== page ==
Jesus is coming soon. Does your brother think he can negotiate his way into heaven? Does your daughter think she can keep ‘taking a break from church?’ Does your neighbor think eternity is no big matter? Is your friend scared about everything going on? Do you see people at the grocery snap? (Really, because they are afraid of dying?) What Do These Sights and Sounds of Pentecost Mean? That God has given you (and me) his Word to hear and to share. 21 [E]veryone who calls on the name of the Lord will be saved.’ We have work to do.
Signs are important, but what a sign draws attention to is even more important. A ‘Check Engine Light’ indicates engine trouble. A ‘Wet-Floor Sign’ identifies a slippery and hazardous area. A tornado siren cries out to take shelter immediately. If you fixate on the sign itself, you fail taking appropriate action. You can suffer catastrophe.
We find signs today. Signs many see and hear. Signs pointing to a more important matter. Signs calling for action. The sights and sounds of Pentecost capture our attentions, but do not ignore their important impact. What Do These Sights and Sounds Mean? And what do they mean for us today? We live in the final days and We have work to do.
We just want to be sure. Does a fabric facemask truly prevent spreading the coronavirus or is a fabric facemask virtually worthless? Should the economy reopen or should it remain closed? Can a reopening economy keep life safe or does a reopening economy threaten life? Will a second wave be worse or manageable or nonexistent? Will school meet online or in smaller class sizes or as normal? Will a vaccine come out in summer or fall or winter or longer? Are children dying from a covid-caused illness or from a completely unrelated syndrome? Perhaps now, more than ever before, we want clear answers for life. We want assurance that our decisions will not put our lives or the lives of others at risk.
The truth is we lack definite, tested answers for some very legitimate questions. The lack of knowledge fosters fear. And fear shoves two very unwelcome facts in your face, facts we try so hard to stifle: (1) You do not know everything and (2) You cannot control everything. Since you do not have every answer to every question, it means a decision could be wrong. Since you cannot control everything, it means that you might experience unpleasant results. That means, especially in these coronavirus days, we grapple with uncertainty— or do we?
If you and I and the rest of the world do not have unlimited knowledge and unlimited power, then the assurance we want will not be found in people. We need a more certain Source. A Source that knows all things. A Source that controls all things. A Source that provides real answers for life— and we have that Source. In a world chocked full of the unknown, Get a Grip on God! Turn from misguided ignorance and turn to certain proof.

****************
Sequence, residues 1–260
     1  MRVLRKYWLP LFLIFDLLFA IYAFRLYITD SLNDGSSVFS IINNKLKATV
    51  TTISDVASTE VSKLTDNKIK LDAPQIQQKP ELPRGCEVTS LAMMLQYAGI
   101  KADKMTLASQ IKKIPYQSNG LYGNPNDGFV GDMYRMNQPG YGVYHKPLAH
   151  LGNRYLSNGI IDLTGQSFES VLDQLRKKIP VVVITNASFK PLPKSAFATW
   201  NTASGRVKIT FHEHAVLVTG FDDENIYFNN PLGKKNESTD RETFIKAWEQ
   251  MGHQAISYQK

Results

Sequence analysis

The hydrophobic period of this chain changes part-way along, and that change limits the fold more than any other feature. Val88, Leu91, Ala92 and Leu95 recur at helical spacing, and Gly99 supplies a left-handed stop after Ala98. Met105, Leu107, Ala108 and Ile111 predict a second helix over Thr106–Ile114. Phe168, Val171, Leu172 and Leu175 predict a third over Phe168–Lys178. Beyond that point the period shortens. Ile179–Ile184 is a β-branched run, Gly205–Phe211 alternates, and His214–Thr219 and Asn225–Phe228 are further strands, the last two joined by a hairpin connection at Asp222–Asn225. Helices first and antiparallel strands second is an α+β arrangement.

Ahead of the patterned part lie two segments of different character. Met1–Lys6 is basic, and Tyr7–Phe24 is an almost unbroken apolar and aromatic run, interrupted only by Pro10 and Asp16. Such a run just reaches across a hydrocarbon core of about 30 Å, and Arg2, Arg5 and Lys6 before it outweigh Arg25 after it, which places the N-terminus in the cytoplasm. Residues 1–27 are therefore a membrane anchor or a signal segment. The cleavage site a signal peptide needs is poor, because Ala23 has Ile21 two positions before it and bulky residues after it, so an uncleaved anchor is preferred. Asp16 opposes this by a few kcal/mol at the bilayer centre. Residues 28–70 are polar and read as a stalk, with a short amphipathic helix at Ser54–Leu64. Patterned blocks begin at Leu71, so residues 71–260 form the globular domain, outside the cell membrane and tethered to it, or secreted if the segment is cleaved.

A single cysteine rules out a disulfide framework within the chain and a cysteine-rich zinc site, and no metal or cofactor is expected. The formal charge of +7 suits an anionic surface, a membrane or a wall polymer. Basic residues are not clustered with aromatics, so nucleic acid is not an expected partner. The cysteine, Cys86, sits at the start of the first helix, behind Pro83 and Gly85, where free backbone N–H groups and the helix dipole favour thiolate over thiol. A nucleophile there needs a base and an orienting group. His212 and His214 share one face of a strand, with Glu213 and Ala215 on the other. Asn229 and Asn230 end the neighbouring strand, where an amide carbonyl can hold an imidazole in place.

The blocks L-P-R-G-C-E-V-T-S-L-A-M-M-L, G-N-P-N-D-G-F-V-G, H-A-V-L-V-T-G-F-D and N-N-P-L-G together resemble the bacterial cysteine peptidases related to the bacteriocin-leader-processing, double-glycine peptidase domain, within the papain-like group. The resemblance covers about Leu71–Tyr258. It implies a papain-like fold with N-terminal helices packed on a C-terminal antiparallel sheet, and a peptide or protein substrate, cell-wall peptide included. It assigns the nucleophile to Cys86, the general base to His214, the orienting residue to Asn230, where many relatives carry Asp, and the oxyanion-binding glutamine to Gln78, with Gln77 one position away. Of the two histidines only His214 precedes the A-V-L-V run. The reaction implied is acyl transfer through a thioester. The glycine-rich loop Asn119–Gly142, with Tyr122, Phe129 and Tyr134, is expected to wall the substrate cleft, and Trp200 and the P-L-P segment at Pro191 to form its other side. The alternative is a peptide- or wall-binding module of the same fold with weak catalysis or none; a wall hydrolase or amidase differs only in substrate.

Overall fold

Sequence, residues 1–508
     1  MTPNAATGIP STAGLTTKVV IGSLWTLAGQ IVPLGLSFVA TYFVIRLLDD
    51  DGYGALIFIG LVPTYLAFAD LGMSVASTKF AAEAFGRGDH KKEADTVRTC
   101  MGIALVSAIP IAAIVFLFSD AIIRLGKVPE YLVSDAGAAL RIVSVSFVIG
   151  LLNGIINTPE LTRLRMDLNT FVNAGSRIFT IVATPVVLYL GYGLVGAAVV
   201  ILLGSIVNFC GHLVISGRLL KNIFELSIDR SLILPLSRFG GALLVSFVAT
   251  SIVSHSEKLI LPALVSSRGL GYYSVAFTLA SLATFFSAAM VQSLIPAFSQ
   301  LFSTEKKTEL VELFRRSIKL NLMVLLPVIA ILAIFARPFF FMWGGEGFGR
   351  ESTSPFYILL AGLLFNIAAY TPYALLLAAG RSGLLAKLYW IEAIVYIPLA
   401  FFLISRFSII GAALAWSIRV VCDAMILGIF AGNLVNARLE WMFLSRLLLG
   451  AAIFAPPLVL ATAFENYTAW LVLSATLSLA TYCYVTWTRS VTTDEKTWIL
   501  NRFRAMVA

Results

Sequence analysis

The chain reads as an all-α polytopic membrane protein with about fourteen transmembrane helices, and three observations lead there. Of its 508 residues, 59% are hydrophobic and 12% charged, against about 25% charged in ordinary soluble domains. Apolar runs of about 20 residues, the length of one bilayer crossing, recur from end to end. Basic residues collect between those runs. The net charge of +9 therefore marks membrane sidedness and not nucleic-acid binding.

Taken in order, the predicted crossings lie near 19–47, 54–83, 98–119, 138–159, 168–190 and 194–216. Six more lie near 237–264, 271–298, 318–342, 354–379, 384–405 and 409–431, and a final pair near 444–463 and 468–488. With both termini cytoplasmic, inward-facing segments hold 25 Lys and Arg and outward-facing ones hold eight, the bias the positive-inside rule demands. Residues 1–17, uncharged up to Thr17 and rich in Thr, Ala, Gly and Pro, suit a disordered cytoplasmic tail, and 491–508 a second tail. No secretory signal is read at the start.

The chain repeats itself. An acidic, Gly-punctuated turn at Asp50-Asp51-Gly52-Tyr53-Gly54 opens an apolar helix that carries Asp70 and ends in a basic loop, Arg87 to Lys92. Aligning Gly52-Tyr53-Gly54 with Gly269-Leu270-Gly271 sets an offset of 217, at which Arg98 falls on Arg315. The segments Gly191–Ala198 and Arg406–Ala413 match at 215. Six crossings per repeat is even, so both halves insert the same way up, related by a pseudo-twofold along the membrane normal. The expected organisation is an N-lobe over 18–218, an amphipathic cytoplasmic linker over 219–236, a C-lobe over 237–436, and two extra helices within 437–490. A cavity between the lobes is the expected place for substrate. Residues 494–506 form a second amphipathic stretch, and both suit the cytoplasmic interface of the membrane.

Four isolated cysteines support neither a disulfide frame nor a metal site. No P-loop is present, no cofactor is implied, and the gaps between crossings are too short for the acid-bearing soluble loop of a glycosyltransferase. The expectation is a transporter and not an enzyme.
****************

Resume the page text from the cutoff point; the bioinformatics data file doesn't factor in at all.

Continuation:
In Acts chapter 17, you find proof— proof that the city of Athens lived completely oblivious to the most important answer for life’s most important question. That much is clear just by walking through the city. You find shrines and monuments and temples everywhere. A thick, imposing structure houses Zeus, father of all Greek gods. A petite, ornate shrine holds Aphrodite, goddess of love. You can pay tribute to the grain god, Demeter, or to the god of metalworkers, Hephaestus, or to Poseidon, god of the seas. Crowning the city itself is the (still-standing) Parthenon, a house built for Athena, goddess of war and wisdom.
It’s no secret, the people of Athens are in every way very religious. They love debating spiritual ideas and discussing new philosophies. To them religion was like collecting baseball cards— you aim to get the complete set. Just to make sure they did not miss any god or goddess, they even [built] an altar with this inscription: to an unknown god.
You can almost see their smug smirks for being so clever. They cover all their bases! In reality, despite all the gods and goddesses honored, the Athenians reveal just how uncertain they are. You see, the very fact that you have an altar made out ‘to an unknown god’ reveals a fear that you (1) missed a deity and (2) can expect trouble from a snubbed deity. So, to counter that fear, where do you look? The natural response? You! To what (1) you know and what (2) you control!
The Athenians know this: (1) people like acts of kindness and (2) you can perform acts of kindness. So, their entire way of worship revolves around doing something good for the gods in the hopes of receiving something good from the gods. I mean, have you ever wondered why the ancients sacrificed the virgin to the volcano gods? A volcano erupts. People think the mighty deity controlling the volcano is angry. So, toss the young virgin into the volcano and maybe the god will turn it off. Sounds ridiculous, right?